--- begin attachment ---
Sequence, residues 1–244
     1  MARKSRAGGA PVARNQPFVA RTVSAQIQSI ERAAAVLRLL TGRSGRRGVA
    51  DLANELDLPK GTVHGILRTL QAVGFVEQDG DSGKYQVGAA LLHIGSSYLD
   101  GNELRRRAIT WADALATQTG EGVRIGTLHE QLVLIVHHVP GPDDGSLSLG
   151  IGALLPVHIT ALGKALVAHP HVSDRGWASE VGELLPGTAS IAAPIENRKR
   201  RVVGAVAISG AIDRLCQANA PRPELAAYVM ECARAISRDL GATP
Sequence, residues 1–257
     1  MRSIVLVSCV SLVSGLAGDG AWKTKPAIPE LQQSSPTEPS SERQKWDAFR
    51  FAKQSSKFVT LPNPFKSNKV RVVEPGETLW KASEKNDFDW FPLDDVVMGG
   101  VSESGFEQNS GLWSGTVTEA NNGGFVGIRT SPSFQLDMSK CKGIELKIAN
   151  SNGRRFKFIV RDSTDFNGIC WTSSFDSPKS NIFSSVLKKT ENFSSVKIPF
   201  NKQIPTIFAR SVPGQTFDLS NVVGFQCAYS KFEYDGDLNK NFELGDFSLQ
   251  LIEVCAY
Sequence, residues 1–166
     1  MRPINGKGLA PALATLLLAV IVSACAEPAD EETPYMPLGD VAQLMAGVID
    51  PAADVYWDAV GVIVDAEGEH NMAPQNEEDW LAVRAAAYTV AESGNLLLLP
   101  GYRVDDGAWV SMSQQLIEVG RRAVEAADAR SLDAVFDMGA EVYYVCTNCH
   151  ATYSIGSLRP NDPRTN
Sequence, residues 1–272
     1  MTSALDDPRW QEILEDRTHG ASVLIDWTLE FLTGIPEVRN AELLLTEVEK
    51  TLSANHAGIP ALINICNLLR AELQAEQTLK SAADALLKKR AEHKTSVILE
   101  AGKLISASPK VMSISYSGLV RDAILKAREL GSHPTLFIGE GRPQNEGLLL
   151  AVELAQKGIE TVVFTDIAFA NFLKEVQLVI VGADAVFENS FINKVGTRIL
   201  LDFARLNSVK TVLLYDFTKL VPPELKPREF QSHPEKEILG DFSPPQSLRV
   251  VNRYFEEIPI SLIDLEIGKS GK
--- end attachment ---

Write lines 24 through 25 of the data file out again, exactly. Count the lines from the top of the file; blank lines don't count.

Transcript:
   201  LDFARLNSVK TVLLYDFTKL VPPELKPREF QSHPEKEILG DFSPPQSLRV
   251  VNRYFEEIPI SLIDLEIGKS GK